by Raymond Eyo
“Old people can play the role of guides but should exit active politics.”
– General Vijay K. Singh (retd.), India’s former Chief of Army Staff
A gerontocracy is any political system governed by old men. For some time now, the ruling People’s Democratic Party (PDP) has placed people in their late 70s or above in crucial national political offices. Whilst it is fair to say the main opposition party, the All Progressive’ Congress (APC) is not entirely free from this trend, with its chairman, Bisi Akande, aged 74, it is clear that it is more pronounced in the PDP.
Many Nigerians were taken aback, when on March 24, 2012, at its national convention, the PDP chose a sexagenarian, Umar Chiza, as its national youth leader with a 4-year mandate. Some may call it good riddance to bad rubbish that Chiza and some other PDP NWC members were forced to resign after the Independent National Electoral Commission (INEC) voided their 2012 election but the impression from that singular choice was clear: the PDP’s leadership appeared to prefer the aged, even in positions that should, reasonably, be reserved for much younger people.
The chairman of the PDP’s disciplinary committee, Umaru Dikko, is 77! The chairman of the PDP’s Board of Trustees (BoT), Tony Anenih, is 80! The PDP’s national chairman, Bamanga Tukur, is 78! It is not proper to assign very demanding national political responsibilities to septuagenarians and octogenarians who are not as nimble and agile as quinquagenarians or even early sexagenarians. In fact, with the coming of the APC, the stakes are higher and require smarter and more dynamic politicians. Men in their late 70s or 80s may not have as much interest in committing their all for Nigeria’s success as will those in their 50s or 60s who know they will still be around for a while. Often, they will strive to secure their interests for the benefit of their families and circle of friends.
Also, given their physical frailties and vulnerabilities due to their advanced age, it is not medically sound to entrust very mentally tasking political duties to the aged. At best, they should become advisers whose opinions younger ones consult when need arises. The fact that, not long after his appointment as chairman of the PDP’s disciplinary committee, on July 29, Dikko was flown abroad to be treated for an undisclosed ailment, clearly vindicates this view.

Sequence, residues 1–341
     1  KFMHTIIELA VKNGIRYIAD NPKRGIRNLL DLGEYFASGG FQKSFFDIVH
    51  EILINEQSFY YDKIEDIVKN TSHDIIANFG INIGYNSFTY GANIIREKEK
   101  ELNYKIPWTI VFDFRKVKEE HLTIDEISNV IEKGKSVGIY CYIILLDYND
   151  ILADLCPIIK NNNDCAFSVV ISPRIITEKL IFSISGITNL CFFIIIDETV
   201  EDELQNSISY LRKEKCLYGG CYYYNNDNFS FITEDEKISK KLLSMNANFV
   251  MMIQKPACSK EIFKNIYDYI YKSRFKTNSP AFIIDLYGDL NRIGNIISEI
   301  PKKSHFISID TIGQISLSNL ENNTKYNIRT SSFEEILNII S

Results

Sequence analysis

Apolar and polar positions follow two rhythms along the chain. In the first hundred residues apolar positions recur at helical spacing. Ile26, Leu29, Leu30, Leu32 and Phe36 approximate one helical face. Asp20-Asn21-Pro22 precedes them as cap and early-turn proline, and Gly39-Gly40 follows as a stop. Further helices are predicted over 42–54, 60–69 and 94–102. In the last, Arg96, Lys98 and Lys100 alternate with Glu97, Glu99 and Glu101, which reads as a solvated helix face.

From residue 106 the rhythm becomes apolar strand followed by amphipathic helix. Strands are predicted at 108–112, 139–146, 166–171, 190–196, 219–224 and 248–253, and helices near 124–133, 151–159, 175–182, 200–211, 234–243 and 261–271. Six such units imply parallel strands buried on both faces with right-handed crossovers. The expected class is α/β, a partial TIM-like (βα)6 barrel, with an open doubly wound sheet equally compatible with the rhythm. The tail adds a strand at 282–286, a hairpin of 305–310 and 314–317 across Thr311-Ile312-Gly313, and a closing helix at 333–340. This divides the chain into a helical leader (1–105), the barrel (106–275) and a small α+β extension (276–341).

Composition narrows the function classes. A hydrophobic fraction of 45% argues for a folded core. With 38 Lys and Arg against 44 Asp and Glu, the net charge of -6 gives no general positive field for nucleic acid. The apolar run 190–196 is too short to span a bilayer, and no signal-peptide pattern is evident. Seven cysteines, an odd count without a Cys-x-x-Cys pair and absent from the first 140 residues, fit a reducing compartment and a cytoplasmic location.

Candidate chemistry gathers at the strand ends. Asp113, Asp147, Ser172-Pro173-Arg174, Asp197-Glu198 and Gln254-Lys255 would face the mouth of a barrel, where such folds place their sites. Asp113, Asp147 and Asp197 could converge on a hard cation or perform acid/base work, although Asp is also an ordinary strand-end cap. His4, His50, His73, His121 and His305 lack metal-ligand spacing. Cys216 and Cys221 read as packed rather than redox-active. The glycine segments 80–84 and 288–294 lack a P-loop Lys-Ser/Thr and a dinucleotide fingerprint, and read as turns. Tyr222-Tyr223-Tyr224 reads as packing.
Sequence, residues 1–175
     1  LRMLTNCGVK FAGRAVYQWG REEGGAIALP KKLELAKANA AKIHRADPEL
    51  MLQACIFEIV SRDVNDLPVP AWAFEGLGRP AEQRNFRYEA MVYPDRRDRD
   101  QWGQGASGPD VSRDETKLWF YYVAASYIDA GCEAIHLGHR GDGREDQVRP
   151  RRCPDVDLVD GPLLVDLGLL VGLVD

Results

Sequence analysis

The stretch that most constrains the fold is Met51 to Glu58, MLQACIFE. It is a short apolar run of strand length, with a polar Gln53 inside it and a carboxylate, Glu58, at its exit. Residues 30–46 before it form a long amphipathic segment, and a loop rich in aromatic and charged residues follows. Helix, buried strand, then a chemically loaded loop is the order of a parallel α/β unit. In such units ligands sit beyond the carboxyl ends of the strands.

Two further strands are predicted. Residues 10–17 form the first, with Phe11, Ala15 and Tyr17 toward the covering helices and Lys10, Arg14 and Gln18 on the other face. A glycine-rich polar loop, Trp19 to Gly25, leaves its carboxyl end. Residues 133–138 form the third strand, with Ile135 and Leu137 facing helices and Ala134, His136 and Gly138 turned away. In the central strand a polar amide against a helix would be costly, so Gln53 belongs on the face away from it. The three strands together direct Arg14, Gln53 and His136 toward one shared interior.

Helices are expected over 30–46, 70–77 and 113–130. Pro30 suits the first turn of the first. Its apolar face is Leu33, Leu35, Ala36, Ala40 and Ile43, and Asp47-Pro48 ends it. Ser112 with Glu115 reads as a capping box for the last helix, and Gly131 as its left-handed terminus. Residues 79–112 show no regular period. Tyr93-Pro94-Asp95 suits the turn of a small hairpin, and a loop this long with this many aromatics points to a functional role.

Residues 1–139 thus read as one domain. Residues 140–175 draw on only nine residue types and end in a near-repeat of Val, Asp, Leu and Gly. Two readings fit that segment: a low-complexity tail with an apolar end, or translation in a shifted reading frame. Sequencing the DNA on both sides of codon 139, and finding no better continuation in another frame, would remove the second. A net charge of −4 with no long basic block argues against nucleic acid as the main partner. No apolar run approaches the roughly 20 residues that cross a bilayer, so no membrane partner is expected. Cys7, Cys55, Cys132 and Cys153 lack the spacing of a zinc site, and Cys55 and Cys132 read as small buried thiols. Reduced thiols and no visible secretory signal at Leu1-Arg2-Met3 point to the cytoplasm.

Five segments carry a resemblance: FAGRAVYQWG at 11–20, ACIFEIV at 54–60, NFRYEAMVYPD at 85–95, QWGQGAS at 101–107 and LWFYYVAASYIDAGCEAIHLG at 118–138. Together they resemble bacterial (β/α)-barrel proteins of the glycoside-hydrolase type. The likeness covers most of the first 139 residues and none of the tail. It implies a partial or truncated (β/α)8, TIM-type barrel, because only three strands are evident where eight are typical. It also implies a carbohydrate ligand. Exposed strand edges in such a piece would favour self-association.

In the Quran, Quran 36:68 says: “He whom we bring unto old age, we reverse him in creation [weak, dependent and with little knowledge or ability to understand].”
Indeed, in an interview in New African magazine of May 2013, Mo Ibrahim, a notable Sudanese businessman and the founder of the Mo Ibrahim Foundation which, amongst other things, promotes good governance in Africa, said: “We respect age, which is nice, but older people are not always right, and not always correct… There is nothing wrong in deferring to young generations, who I think are better educated than us, and more adventurous and creative.”
Some have equated old age to wisdom, and perhaps, it is this feeling that is behind the PDP’s thinking but the truth is, old age does not automatically result in wisdom. The Bible in Job 32:9 (King James Version) says: “[The elders] are not [always] wise: neither do the aged understand judgment.” Titus Maccius Plautus, a Roman playwright renowned for his contributions to Latin literature, said: “Not by age but by capacity is wisdom acquired.”
In an August 5, 2013 Huffington post piece, captioned “Does wisdom really come with age?”, author, John Blumenthal writes: “GOD knows who came up with the notion that wisdom automatically comes with age but my guess is that the culprit was probably someone who felt the need to make aging seem like it had at least one benefit.” Henry Louis Mencken, a 20th century American journalist and essayist, concurred when he said: “The older I grow, the more I distrust the familiar doctrine that age brings wisdom.”
It is my opinion that people in their late 70s and 80s should not be involved in active politics but should rather devote themselves to humane causes, whether nationally or internationally. In fact, it was this idea that led Nelson Mandela, the former South African president, in 2007, to create “The Elders,” a grouping of former prominent national and international political and other figures to lend their voices to humanitarian concerns worldwide. Indeed, former President Olusegun Obasanjo, himself a former PDP BoT chairman, advanced the above argument as one of the cardinal reasons for resigning from the latter office in 2012, at the age of 75.
As 2015 draws nearer, national politics will only get more tasking, especially with the challenge that the APC poses to the PDP. The PDP must realise that, for the first time in 14 years, they will be up against a major national opposition party at the polls. They will consequently need all the energy and nimbleness from their top brass as they brace up to face what promises to be a truly competitive presidential and general election. How they can squeeze that out of their ‘gerontocrats’, only time will tell!
– Follow this writer on Twitter: @Raymond_Eyo